“YOU SHALL LOVE THE LORD YOUR GOD… AND YOUR NEIGHBOUR AS YOURSELF” (Luke 10:27)
⏰Fifteenth Sunday in Ordinary Time (Year C)
📖Deut 30:10-14; Ps 69:13 and 16, 29-30, 32-33, 35ab and 36 (R.v.32); Col 1:15-20; Luke 10:25-37
🎤”YOU SHALL LOVE THE LORD YOUR GOD… AND YOUR NEIGHBOUR AS YOURSELF” (Luke 10:27)
Remember the focus of the liturgy of last Sunday – Bearing the mark of Christ in us and taking him to others. We have the same focus in our liturgy today. That tells us that this is a matter of great importance to Jesus.
In the field of Christian ethics, we have a progression from what we call the “ethics of doing” to the “ethics of being”. That progression is very much evident in our readings of today, especially in the First Reading and the Gospel. In the First Reading, taken from a account of the farewell speech of Moses to the Israelites, the Law of God, which was inscribed on stone tablets and given to Moses is expected to be engraved in the heart of men too.
Pay attention to this: the brain is used to memorize things while the heart is used for emotions. It is not by accident that Moses said that the Law is written in their hearts (cf. Deut 30:14). The lawyer who came to test Jesus in the Gospel obviously know his onions in matters of the Law. Thank God that he knows that love is the summary of the Law as the Jews have it in their daily recitation (cf. Deut 6:4). However, the difference between knowing and doing is immediately seen in the lawyer. He knows that love should be the foundation of all actions, yet, he was doing his own bit to assert himself (cf. Luke 10:29). He has something in common with the priest and the levite that passed by the wounded man. Hence, Jesus told the story to correct him.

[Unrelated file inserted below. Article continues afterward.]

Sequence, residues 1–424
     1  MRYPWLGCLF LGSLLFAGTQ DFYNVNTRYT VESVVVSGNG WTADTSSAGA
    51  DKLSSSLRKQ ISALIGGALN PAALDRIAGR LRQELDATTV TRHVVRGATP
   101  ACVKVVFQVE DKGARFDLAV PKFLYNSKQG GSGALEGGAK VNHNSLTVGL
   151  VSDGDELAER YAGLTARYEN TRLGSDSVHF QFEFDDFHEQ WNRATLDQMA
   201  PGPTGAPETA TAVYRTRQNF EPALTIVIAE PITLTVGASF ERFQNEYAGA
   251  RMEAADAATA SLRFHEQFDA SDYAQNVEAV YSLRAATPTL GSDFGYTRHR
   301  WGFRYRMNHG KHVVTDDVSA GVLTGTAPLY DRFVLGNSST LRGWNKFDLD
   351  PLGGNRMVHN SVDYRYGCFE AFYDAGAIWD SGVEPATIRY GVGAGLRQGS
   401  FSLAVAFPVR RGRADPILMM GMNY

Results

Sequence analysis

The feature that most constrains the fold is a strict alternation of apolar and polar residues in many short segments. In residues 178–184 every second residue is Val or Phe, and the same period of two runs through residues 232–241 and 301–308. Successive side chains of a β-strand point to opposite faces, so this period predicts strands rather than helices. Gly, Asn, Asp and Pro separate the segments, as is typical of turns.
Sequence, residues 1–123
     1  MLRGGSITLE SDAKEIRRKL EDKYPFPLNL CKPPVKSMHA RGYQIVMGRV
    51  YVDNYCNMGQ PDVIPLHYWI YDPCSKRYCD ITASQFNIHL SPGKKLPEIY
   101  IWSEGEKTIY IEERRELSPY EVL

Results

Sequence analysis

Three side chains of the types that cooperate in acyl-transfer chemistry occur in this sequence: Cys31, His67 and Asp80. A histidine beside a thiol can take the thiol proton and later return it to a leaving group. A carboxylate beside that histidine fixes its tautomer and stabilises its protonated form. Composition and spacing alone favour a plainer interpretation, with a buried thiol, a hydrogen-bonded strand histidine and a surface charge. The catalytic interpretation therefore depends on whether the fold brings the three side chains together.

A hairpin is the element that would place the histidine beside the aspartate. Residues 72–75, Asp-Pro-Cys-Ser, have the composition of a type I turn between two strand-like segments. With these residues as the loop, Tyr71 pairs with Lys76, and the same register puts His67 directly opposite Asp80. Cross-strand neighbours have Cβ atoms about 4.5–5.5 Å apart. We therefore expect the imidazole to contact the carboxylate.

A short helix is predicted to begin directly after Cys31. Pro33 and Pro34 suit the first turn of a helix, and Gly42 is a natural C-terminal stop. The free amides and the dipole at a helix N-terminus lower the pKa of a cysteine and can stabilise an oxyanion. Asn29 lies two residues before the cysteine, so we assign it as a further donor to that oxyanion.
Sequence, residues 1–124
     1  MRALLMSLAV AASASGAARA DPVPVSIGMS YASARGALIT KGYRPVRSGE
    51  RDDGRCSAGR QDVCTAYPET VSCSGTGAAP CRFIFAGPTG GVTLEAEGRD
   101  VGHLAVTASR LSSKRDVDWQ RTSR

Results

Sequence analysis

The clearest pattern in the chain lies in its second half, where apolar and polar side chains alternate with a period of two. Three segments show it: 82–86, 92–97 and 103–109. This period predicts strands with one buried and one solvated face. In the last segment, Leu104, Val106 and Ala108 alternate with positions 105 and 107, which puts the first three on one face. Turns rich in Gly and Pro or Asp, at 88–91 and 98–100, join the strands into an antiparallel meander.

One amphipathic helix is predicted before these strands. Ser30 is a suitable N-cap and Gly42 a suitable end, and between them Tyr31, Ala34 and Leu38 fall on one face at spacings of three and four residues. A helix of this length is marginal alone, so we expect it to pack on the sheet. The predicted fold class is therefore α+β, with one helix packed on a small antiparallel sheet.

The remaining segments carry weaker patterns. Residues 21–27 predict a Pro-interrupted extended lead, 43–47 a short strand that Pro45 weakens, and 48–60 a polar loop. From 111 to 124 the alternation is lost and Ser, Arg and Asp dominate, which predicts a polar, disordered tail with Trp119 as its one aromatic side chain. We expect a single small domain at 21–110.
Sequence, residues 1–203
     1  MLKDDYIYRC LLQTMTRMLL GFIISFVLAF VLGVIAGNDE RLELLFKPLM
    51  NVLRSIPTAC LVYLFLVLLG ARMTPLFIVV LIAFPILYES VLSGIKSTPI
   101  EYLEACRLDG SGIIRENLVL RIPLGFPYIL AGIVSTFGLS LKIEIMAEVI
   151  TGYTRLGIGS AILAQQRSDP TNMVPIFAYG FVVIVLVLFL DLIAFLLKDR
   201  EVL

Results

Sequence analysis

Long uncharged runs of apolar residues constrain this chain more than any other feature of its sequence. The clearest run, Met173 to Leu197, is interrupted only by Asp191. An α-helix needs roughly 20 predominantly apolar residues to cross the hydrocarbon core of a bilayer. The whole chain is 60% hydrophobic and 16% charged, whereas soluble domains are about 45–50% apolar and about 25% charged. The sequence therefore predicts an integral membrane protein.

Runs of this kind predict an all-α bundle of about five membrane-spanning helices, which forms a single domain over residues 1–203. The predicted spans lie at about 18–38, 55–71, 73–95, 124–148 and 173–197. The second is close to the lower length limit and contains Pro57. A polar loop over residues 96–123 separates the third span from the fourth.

In Jesus’ reply to the question, “who is my neighbour?”, we can note that our neighbours at any given time are those who are in need of God’s mercy, irrespective of the reasons for his problems and not minding what it might cost us to assist them. Note that;
👉The wounded man in the Gospel is like that person you warned ahead of time of the dangers of a decision he/she is about to take, but he/she ignored you and later got in trouble.
👉He is like that person you see on your way to Church or to an important duty and any delay can cause you to be late if you stop by to help.
👉He is like that person of whom you have every justification not to help, maybe because of the danger in doing so.
Those are the ways we can articulate the attitudes of the priest and the levite. In essence, they simply obeyed the law (see Num 19:11). But Jesus is calling on to go beyond the letters of the law and embrace the spirit of the law, which is summarized by love.
St. Paul noted, in the Second Reading, that God gave us Jesus as his true image. In Jesus therefore, we learn of what it means to love. First, it was while we were still deep in sin that he died for us (Rom 5:8) and left us an example to follow (1 Pet 2:21). Hence, the kind of sacrificial love he offered to us is what we too are required to offer to others (cf. 1 John 3:16). To be able to do that, we must go beyond the dictates of human reason and embrace the love of Christ.
May God grant us the grace to understand what it means to love as he loves and the strength to love our neighbours as ourselves. Amen.
Happy Sunday dear. Peace be with you.